Meta Smacked by $403 Million Fine For Violating Children’s Privacy

Meta Smacked by $403 Million Fine For Violating Children’s Privacy

Meta, the parent company of social media and communication giants Facebook, Instagram and WhatsApp, has had its hefty share of media scandals involving user privacy. These have included especially famous cases such as the Cambridge Analytica scandal of 2018, which involved Facebook directly, and many other smaller episodes since then.

In the most recent and rather costly case for Meta, the Irish Data Protection Commission handed the US tech titan a 405 million euro, $403 million dollar fine on Monday, September, 5th. This was leveled as punishment for alleged privacy violations against the accounts of minors.

Irish Tech Jurisdiction

Irish Tech Jurisdiction

The curious thing about the regulatory dynamics of this fine is that the Data Protection Commission of Ireland (DPC) serves as the European Union's main regulator and watchdog for legal breaches by American tech giants operating in Europe.

The key reason for this is that Ireland, despite its small size and peripheral location along the edges of the E.U, is the European headquarters for many of the most famous U.S tech companies. Aside from Meta, these include Google, Twitter and Apple (among others).

In the case of Meta, it was its Instagram app that got the company into hot water with the Irish data authorities. The social photo and video sharing app was fined for apparently being negligent in its protection of underage account holders' privacy.

Privacy Woes

One of the main reasons cited for this judgment was that Instagram had let children open and operate business accounts despite being minors. As part of the business account management process, the administrators of an Instagram page have their phone number and email address information visible to the public. In the case of children opening accounts, this information was deemed a privacy violation because it exposed data deemed private to abuse.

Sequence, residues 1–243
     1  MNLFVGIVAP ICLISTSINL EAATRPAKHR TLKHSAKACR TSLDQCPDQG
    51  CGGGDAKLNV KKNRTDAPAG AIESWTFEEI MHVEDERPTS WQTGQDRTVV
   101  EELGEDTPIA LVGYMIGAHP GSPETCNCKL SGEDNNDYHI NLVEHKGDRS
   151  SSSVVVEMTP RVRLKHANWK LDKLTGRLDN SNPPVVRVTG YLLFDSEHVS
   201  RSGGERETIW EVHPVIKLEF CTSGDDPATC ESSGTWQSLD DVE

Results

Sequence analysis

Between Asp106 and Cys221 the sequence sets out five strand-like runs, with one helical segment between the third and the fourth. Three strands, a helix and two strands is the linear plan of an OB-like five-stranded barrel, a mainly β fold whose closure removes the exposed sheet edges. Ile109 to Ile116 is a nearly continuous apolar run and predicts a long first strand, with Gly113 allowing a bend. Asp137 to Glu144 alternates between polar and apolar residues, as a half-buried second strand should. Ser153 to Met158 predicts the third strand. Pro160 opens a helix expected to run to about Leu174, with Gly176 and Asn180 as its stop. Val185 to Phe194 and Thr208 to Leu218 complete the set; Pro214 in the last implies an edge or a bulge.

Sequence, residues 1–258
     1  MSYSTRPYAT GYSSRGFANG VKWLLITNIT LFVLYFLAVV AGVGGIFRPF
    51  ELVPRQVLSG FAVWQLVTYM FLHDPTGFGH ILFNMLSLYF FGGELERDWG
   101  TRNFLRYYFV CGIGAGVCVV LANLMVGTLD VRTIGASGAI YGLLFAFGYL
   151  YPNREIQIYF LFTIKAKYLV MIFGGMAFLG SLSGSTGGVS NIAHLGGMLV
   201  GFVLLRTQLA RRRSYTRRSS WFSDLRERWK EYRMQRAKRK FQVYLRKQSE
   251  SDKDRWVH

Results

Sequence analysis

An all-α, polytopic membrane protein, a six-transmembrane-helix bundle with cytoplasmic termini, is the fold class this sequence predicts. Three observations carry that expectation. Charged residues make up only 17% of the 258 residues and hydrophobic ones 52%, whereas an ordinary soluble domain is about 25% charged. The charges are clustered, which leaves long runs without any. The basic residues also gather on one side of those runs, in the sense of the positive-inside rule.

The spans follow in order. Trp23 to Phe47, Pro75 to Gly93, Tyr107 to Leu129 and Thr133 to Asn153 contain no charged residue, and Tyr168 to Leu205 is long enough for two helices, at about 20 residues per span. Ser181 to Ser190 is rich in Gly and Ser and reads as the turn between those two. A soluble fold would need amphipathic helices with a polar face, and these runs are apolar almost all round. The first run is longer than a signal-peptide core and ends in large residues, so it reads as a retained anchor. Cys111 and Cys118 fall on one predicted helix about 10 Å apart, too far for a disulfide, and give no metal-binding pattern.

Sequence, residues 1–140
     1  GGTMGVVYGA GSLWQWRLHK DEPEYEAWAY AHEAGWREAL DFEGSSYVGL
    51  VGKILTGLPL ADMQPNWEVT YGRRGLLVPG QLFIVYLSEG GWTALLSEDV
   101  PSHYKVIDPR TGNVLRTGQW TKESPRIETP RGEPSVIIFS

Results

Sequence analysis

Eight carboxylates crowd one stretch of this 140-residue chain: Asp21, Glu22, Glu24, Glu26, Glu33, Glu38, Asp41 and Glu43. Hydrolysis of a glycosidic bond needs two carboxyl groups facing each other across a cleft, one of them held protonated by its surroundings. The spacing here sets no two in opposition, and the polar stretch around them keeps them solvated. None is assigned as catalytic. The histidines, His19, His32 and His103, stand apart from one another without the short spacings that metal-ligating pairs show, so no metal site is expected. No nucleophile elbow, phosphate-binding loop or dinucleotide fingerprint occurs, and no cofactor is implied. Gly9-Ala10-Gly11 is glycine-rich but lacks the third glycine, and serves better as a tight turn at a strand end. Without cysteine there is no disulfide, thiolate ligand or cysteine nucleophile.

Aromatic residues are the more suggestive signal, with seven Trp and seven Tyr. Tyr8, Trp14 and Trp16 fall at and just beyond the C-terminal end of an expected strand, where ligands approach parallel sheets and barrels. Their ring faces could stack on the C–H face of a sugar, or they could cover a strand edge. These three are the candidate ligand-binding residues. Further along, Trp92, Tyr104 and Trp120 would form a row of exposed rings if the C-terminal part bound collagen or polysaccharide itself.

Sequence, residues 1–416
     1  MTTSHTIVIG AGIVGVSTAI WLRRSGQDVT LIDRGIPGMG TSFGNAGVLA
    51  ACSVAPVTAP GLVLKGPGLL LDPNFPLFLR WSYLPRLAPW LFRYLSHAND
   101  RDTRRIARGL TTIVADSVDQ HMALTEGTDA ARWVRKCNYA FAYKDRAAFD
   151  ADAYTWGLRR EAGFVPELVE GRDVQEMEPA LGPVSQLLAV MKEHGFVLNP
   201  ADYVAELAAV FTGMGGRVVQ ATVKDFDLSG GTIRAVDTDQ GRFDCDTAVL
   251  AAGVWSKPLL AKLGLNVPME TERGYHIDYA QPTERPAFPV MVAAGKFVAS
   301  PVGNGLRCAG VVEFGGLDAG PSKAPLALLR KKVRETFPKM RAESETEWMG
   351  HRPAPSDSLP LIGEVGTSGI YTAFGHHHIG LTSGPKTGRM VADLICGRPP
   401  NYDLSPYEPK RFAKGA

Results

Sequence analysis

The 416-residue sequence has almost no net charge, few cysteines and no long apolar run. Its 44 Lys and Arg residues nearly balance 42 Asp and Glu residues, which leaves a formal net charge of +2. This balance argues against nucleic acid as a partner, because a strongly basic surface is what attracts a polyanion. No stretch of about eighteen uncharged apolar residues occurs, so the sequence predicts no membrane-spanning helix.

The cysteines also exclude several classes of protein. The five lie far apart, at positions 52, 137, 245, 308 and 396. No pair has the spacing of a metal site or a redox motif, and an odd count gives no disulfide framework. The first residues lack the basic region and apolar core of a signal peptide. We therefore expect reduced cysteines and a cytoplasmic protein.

Another crucial part of the DPC's decision to fine Instagram (and consequently its parent, Meta) was that the social app set the account privacy settings of minors aged 13 to 17 to "public" by default. It's worth noting too that the minors who owned these accounts weren't explicitly notified that their profiles were fully visible to open search queries.

GDPR Shows Its "Teeth"

The DPC leveled the fine under cover from the European Union's General Data Protection Regulation, or GDPR, as it's famously called. This four-year-old law obligates companies to secure the information they store about users in very specific ways, especially so if the users are minors.

Though the E.U's GDPR legislation has frequently been criticized as being extremely weak in the face of the enormous financial and legal resources at the disposal of companies like Meta, Google and others, in this case, it seems to have finally sent a modest message. With that said, a $403 million fine is hardly a heavy burden for a company with Meta's assets and market capitalization.

Meta Doubles Down

Despite this and the pretty clear-cut reasons for the fine, Meta has publicly commented that it disagrees with the ruling by the DPC and asserted that it would begin an appeal process. This essentially means that they plan on dragging the ruling through the courts for as long as feasible to delay actually paying any fine.

The company justified its disagreement by arguing that the settings in question for minors on Instagram had been updated more than a year ago and that new privacy protection features have been added since then.

A spokesperson for Meta also explained that accounts of people under the age of 18 are automatically "private". The Meta representative also said that private messages can't be sent by others to users under 18 unless they already follow the sender's account.

To date, this is the second biggest fine leveled under GDPR laws against a U.S tech giant. Previously, in July of 2021, Amazon, headquartered in Luxembourg, was fined $887 million for its own data privacy violations.

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